Gym-goers heading to Jesse Owens South will now have access to more cardio equipment in the sunlight because of renovations made over winter break.
Changes include 15 new glass panel windows installed in the front of the building facing 11th Avenue and 15 new cardio machines.
Dave DeAngelo, senior associate director of facilities for Recreational Sports, said there was a need for cardio machines accessible by standards of the Americans with Disabilities Act.
“All the cardio equipment before was on the stage (risers in the gym) and not ADA accessible. We just needed some additional capacity,” DeAngelo said.
The ADA prohibits discrimination of the disabled by requiring equal opportunities to be provided for those with disabilities.
The new equipment is self-powered due to limits on the building’s electrical capacity, DeAngelo said.
“There’s no electric outlets (in the renovated area), and not a lot of capacity left coming into this building. There’s still a lot of electric in the cardio stage area. Stuff we add going forward will be stuff that doesn’t need (electric) power,” DeAngelo said.
Power source was not the only consideration in the new equipment.
“We choose equipment in many different ways … we’re pretty exhaustive. We look at all the manufacturers and what we think the most popular pieces are,” DeAngelo said.
A bouldering wall was removed to make more space for the windows as well as for 48 new lockers, DeAngelo said.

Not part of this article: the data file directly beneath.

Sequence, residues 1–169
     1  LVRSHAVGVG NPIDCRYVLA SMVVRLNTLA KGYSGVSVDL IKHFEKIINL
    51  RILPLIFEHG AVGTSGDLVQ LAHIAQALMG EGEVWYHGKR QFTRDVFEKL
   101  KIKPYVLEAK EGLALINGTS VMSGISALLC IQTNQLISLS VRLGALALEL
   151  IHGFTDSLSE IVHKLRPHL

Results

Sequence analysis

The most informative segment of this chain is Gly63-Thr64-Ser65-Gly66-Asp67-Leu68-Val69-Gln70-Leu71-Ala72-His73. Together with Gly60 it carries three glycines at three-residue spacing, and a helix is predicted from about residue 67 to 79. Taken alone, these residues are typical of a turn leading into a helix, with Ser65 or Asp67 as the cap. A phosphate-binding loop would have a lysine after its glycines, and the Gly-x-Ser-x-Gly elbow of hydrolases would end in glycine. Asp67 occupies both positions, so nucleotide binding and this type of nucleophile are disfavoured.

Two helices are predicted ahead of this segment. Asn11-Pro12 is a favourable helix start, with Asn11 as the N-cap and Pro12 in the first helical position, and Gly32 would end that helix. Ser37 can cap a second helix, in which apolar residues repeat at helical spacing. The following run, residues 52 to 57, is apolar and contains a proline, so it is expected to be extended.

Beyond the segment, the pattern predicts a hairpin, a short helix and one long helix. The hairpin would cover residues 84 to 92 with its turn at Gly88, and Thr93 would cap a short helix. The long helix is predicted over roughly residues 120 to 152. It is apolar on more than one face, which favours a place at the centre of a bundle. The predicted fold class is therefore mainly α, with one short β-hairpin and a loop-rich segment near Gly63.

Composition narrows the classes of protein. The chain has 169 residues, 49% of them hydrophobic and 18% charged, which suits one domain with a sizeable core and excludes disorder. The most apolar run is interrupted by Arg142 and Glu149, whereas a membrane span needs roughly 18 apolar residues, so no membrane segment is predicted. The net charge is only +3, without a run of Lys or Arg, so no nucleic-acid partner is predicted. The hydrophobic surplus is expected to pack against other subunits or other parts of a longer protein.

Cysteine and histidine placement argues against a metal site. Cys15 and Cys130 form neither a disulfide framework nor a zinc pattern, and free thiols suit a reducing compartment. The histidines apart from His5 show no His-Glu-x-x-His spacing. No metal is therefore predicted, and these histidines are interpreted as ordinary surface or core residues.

“The windows make a tremendous improvement with the feel of the facility,” DeAngelo said. “We’ve been wanting to do that for a long time.”
The equipment additions cost about $47,200, the window installation around $38,000 and lockers $1,250 for a project total of about $86,500. Funding was provided by money set aside each year in the overall budget for facility improvement projects, DeAngelo said.
The renovations were completed on time and faced no setbacks.
Lindsay Krammes, a second-year in biology, said she is happy with the new source of light from the windows.
“When you’re working out here, it’s nice to have natural lighting. Now I don’t feel like I’m underground,” Krammes said.
Increased visibility of the inside of the gym was also a reason for installation of the windows.
“We liked the idea of people walking down 11th (Avenue) and seeing activity going on … We want people to say, ‘Hey, that looks really cool, I want to check it out,’” DeAngelo said.
The South Campus recreational facility currently averages about 1,500 guests per day, a number that has stayed consistent over the years, DeAngelo said.
Kyle Simokovich, a third-year in business, said the windows are an aesthetic improvement.
“It looks way more inviting. It’s great to see that there’s actually money being put toward something that makes the campus look better,” Simokovich said.
Some students said they are pleased with the new use of space inside.
Kevin Phillips, a fourth-year in animal sciences, said out of the six to seven days per week he goes to Jesse Owens South, he had only usually seen about four people on the bouldering wall each week.
“I think it’s great that they utilized the rock climbing area to put in cardio machines … Now there’s less of a wait for cardio (machines),” Phillips said.
Krammes said she is satisfied to see more cardio equipment as well.
“I like how they found a way to get more machines in the same amount of space,” Krammes said.
DeAngelo said any future renovations on the gym’s North Campus counterpart, Jesse Owens North, will depend on the new recreational facility set to open on North Campus after all of the current construction is complete.